That's a great tip Jen...I'll have to remember it when I get un-sick enough to go shopping! Especially since I'll be biking to the market so I can only take home about $20-$30 worth of produce anyway.

Adam Pieniazek said...

Dugg and Reddited

Katy said...

Saw this on Digg and totally agree with all of it! Farmer's markets are very different from shopping at a grocery store, and thank god for that! I always feel a little creeped out now when I see those huge piles of shiny, unblemished, symmetrical green and red apples in traditional grocery stores -- they're like the Stepford children of fruits and veggies. :-)

smallnotebook said...

What a great and thorough post! I can't wait to go to the farmer's market in June.

Rose said...

Great post! All that advice is so true. I wanted to add one suggest. Which is to bring your kids to the market. It's a great way to get children interested in healthy food. It also helps turn it into a fun family outing instead of a chore like grocery shopping. My almost 3 year old thinks going to the farmers market is awesome and spends the trip eating what ever season treat is available (cheese curds, strawberries, cherry tomatoes, etc.) At some point I'm going to write a post on marketing with kids, but haven't gotten to it yet.

sara l said...

One of the things that makes this my favorite time of year is the reemergence of the local farmers markets.

In addition to getting groceries I think its a great time to enjoy the sunshine, talk with friendly people, and learn more about what grows naturally in your area.

Angie said...

Great post! We just love visiting our Farmer's Market!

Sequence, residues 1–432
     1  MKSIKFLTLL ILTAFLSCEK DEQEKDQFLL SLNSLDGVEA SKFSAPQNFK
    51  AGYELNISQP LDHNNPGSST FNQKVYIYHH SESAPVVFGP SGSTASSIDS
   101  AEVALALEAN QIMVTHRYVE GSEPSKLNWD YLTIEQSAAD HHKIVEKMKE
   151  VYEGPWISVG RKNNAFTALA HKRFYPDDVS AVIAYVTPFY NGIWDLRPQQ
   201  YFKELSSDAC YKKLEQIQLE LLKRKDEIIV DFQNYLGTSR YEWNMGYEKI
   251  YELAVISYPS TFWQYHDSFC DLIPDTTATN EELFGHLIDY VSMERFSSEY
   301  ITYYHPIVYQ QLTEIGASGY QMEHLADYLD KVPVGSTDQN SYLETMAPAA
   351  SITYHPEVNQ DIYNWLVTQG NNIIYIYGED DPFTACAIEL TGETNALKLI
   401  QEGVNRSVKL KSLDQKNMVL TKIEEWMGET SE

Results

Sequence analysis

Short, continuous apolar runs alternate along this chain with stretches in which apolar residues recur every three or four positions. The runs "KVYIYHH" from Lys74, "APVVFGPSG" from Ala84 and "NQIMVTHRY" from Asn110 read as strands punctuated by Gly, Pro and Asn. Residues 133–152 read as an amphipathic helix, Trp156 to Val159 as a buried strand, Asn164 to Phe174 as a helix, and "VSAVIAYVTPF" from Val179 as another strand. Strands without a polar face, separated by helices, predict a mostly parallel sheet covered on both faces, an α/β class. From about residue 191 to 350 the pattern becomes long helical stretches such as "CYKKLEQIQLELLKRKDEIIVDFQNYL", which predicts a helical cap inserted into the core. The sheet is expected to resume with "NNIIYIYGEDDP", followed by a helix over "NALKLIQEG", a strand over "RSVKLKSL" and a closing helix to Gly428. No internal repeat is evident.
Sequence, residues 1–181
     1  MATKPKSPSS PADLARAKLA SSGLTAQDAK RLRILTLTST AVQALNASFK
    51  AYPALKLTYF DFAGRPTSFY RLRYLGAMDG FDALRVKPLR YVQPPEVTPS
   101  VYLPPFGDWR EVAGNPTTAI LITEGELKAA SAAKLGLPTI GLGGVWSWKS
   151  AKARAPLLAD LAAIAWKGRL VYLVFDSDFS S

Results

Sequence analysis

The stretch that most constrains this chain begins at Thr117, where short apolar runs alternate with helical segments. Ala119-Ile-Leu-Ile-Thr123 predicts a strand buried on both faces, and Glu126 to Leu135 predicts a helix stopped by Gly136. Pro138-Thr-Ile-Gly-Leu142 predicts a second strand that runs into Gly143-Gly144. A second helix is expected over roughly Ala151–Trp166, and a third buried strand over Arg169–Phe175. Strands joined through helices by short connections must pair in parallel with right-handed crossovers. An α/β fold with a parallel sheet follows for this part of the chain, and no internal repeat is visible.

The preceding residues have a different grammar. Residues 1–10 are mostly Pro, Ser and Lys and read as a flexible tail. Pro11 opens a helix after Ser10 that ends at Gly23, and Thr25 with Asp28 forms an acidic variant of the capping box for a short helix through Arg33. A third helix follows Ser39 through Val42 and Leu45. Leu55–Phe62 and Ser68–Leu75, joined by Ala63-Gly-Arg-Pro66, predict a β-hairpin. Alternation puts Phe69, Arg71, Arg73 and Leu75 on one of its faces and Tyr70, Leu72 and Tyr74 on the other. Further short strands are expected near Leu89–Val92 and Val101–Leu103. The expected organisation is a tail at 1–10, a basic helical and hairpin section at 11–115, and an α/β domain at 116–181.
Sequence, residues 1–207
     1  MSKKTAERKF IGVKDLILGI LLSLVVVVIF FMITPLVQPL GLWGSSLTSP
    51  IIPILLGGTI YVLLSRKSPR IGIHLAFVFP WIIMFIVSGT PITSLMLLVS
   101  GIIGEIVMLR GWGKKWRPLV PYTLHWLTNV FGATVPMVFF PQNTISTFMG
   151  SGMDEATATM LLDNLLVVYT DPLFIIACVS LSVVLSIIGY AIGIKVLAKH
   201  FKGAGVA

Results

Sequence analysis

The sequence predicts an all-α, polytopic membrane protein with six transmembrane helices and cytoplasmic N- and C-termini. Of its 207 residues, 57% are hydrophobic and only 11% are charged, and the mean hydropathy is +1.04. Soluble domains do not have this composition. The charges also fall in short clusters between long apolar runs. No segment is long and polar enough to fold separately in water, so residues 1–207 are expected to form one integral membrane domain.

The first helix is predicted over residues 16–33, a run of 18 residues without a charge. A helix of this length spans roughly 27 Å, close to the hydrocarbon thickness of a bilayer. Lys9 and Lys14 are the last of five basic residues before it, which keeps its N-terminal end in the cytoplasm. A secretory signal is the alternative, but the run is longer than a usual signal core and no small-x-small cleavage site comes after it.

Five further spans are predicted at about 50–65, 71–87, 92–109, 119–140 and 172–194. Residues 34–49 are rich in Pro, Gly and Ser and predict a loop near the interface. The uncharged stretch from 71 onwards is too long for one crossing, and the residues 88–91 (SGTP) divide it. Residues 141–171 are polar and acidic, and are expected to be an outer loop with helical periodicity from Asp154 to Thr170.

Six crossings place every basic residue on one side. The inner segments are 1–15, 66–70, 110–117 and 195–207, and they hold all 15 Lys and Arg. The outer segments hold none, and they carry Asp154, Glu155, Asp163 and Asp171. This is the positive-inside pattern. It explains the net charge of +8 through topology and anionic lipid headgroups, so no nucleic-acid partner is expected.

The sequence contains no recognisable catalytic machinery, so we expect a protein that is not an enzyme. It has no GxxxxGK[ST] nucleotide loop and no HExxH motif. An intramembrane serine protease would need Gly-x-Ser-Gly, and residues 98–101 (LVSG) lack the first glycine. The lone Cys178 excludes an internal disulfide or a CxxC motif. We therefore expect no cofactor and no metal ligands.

Green Me said...

Beautiful and thoughtfully written! I have a small addition to you your "advantages." When it comes to not finding what I want, such as dill to go with the spinach and parsley for a spinach pie, it inspires me to do more gardening at home!

valereee said...

Very true, about doing more gardening at home! Though I always have to admit I garden with much more enthusiasm than competence.

Hip Hostess said...

Great post! I got a friend at work to agree to go to the Union Square farmer's market every Wed. during our lunch break so even when I am feeling lazy I have someone to motivate me (and vice versa). It is a fun way to spend a lunch hour and really makes me feel more connected to my food.

Also, things can be a lot less expensive at local markets. For example, I bought a large bunch of ramps last week for $3 at my local farmer's market. Went to Wholefoods the following day and saw "local" ramps advertized and they were selling for $15.99 per pound.

Tiffany said...

I just found your blog while I was looking at Modern Beet. This is a fantastic post which does really cover everything you need to know about the market. I especially like the one about being prepared to pay the real price of your food. Here in the DC area, people do often complain that the market can be expensive. You are right, though, produce prices are reducing as everything is coming more into season. And, I would much rather pay more for my meat than eat something from a CAFO. I look forward to reading a lot more on your blog!

Vi said...

this is a great, informative post! i'll definitely share with friends who haven't experienced many farmer's markets!

valereee said...

Thanks, Vi!

leslie said...

outstanding article
everything i feel in the perfect wording
thank you

valereee said...

Leslie, thank you so much! Cool blog you have!

Mati said...

Great post!

If you find or develop a great recipe, especially a special interest one (gluten free, etc.) - bring a few copies for the farmers, who are often looking for options that appeal to different shoppers.

find farmers market said...

Nice post and lots of information about the provided farmers market..